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analysing pieces

Discussion in 'General' started by rachmaninoff, Mar 11, 2007.

  1. rachmaninoff

    rachmaninoff New Member Piano Society Artist

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    hello,

    I was wondering if there are people around here who could tell me stuff about the things you have to say when you are analysing pieces.

    does someone know?

    gr
     
  2. juufa72

    juufa72 New Member Piano Society Artist

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    If there is a lot of black ink on one page i say: "in your dreams, Julius"


    Is that what you mean?
     
  3. rachmaninoff

    rachmaninoff New Member Piano Society Artist

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    no haha what do I have to tell in a analyse ?
     
  4. schmonz

    schmonz Amitai Schlair Piano Society Artist

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    Depends on the piece and the level of analysis. Who's the intended audience? But generally, it's good to start by noting the most prevalent keys, their relationships, and the piece's overall form. From there you can go deeper and analyze the harmonic progressions using e.g. Roman numerals representing chord functions, and this will help you spot key modulations and understand their role in the piece. If you really want to get to know some music, identify its themes and motives and find where they pop up later, how they may have been modified from the originals (in a different voice? melodically inverted? chromatically altered? retrograde?), etc.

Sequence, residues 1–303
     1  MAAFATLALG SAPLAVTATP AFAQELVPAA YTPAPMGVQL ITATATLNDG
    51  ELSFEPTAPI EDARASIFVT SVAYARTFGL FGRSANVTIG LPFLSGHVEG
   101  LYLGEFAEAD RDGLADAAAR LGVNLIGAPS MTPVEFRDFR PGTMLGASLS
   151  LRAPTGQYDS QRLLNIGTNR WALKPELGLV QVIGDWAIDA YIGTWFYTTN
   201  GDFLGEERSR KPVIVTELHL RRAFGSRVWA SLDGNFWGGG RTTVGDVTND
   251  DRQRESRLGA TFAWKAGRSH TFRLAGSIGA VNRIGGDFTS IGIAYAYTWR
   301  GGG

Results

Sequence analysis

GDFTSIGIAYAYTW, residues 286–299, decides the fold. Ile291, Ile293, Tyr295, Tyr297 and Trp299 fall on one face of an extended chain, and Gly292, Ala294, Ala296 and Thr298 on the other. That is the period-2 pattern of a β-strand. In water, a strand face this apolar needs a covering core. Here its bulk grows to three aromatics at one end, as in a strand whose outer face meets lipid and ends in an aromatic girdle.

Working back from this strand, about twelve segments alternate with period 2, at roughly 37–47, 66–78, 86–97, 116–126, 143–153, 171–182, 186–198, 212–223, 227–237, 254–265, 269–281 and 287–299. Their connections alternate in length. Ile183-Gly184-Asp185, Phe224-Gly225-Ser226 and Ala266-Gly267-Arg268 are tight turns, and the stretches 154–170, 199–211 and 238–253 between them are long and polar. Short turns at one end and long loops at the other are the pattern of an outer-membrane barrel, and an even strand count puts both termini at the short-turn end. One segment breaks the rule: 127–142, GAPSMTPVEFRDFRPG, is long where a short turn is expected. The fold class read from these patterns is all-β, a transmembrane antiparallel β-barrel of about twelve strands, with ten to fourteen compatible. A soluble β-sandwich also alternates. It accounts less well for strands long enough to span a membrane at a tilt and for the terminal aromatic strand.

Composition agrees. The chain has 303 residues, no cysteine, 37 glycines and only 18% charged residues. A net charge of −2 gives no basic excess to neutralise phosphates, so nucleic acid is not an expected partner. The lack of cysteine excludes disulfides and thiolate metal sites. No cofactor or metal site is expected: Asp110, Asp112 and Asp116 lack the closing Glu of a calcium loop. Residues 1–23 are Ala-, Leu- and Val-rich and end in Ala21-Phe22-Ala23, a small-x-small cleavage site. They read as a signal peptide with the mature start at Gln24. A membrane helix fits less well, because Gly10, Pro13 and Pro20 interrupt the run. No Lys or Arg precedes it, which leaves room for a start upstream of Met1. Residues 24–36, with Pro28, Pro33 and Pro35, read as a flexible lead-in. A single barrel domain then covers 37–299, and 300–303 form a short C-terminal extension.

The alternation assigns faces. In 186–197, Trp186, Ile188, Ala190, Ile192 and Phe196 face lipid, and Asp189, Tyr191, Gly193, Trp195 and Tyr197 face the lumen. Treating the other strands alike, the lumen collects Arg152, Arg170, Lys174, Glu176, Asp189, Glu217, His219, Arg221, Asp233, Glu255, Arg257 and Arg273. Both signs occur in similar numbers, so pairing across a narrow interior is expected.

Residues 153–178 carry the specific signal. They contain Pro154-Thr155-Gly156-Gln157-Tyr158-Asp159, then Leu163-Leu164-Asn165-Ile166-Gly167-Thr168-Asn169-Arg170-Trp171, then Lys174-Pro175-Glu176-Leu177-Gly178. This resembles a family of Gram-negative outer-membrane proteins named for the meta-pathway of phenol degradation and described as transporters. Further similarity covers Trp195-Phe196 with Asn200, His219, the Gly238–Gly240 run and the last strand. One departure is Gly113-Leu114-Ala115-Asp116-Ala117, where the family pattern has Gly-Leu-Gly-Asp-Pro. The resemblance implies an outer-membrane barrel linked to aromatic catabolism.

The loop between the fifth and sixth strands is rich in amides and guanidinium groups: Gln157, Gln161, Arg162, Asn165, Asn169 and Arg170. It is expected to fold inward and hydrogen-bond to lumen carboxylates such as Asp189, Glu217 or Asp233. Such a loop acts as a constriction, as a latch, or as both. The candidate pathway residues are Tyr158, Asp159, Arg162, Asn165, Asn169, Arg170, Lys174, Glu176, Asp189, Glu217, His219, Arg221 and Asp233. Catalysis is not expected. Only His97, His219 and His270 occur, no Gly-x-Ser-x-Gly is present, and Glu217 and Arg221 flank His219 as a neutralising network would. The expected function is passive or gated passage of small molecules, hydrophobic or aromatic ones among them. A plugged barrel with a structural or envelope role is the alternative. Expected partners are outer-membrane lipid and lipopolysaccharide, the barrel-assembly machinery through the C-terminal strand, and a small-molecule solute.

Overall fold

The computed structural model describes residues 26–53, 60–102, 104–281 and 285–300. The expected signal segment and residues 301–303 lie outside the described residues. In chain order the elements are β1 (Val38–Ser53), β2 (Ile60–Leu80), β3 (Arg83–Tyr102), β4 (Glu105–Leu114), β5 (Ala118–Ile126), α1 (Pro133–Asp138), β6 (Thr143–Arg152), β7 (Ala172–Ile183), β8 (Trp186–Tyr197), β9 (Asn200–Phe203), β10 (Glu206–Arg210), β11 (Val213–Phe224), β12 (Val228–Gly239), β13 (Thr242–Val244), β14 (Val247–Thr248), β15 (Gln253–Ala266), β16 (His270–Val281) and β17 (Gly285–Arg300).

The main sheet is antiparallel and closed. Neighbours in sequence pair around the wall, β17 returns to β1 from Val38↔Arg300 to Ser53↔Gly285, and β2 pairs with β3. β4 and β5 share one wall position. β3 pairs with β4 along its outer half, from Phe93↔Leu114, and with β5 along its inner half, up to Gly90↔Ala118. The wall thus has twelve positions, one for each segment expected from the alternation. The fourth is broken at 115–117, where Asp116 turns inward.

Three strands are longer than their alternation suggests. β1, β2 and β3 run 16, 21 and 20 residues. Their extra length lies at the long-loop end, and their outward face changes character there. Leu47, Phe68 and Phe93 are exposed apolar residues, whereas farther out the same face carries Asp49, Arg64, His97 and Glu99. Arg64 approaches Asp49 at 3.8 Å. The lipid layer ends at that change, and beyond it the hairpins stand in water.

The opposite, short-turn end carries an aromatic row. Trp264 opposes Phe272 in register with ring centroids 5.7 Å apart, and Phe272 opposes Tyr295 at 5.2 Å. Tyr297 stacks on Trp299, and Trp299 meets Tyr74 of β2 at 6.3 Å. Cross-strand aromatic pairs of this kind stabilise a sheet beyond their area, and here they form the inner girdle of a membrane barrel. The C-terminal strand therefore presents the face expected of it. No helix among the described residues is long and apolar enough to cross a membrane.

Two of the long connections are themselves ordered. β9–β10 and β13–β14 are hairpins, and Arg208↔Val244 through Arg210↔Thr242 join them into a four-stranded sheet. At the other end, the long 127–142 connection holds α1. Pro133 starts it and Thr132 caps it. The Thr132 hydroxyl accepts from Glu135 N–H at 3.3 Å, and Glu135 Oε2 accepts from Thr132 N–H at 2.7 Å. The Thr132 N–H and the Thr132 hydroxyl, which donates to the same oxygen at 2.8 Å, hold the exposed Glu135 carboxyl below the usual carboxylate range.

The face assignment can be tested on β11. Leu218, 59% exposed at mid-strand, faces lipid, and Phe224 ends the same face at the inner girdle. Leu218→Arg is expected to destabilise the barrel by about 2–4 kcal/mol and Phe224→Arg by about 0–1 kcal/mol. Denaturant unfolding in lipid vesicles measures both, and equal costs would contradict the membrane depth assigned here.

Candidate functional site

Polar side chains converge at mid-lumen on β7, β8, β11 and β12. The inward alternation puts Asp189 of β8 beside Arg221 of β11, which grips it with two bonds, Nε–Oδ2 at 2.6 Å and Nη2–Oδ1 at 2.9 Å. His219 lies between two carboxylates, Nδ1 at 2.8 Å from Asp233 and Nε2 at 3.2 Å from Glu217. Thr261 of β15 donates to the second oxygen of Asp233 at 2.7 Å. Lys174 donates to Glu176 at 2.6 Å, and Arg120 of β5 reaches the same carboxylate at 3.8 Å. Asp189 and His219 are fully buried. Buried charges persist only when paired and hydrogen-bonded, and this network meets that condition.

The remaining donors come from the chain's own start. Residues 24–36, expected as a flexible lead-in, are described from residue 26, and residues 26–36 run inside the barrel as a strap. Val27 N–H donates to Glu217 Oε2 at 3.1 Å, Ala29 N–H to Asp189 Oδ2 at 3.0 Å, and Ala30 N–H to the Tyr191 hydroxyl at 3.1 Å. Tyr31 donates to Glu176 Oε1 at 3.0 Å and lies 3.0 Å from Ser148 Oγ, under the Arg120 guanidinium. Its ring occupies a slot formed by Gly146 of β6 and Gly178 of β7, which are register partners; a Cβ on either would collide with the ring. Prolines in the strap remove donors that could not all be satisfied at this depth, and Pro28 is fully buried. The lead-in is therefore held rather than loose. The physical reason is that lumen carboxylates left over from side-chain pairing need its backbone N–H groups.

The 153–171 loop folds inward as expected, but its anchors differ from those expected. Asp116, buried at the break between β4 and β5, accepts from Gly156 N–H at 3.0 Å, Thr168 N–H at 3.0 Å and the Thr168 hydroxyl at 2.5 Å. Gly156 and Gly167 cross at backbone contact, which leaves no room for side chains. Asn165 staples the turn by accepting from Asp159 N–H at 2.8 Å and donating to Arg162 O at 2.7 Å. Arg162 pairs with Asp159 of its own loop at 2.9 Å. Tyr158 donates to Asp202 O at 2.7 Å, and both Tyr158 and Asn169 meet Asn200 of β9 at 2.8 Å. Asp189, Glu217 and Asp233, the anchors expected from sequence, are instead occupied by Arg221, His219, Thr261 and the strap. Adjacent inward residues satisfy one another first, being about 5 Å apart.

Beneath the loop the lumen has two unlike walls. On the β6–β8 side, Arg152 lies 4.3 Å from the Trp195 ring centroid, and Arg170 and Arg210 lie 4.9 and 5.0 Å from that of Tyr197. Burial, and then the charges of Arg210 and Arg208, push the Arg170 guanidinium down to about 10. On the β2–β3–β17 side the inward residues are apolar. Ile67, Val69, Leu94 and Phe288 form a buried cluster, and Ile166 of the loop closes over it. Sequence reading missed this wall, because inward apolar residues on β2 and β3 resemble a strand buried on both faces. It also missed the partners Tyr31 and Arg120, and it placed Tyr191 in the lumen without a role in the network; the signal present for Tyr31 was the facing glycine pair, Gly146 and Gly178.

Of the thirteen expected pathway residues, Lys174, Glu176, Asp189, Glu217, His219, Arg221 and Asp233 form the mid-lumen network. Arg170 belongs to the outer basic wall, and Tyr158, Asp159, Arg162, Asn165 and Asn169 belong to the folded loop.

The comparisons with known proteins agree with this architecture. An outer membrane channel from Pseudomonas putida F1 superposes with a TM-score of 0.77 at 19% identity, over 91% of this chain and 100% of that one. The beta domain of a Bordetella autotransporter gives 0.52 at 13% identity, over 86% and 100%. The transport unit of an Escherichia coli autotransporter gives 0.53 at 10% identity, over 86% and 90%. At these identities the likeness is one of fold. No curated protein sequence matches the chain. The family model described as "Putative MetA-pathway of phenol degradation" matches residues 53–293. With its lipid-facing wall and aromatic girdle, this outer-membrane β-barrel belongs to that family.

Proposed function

And now that I've said all that, don't take it too seriously. ;-) The point of analysis, IMO, is to find patterns, because artful music is almost always filled with such. The above are just a few of the kinds of patterns which can be found. Keep them in mind when you're analyzing, by all means, but don't be constrained by them. If you spot something interesting that doesn't have a handy entry in the musical dictionary, it's probably even more interesting than the patterns that do.
     
  5. Jennifer

    Jennifer New Member Piano Society Artist

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    Now this is my area! Hahahaha!

    Start general and then get more specific.

    If you are looking at a longer work, devide it into sections. What sections are similar and what are different. Also, take not of the key areas. These are the key factors to getting the form of a work.

    This also applies to short pieces, even the shortest of short. Look at the phrases. Which are similar and which are different. Short pieces are usually two or three part forms.

    Good luck!
     

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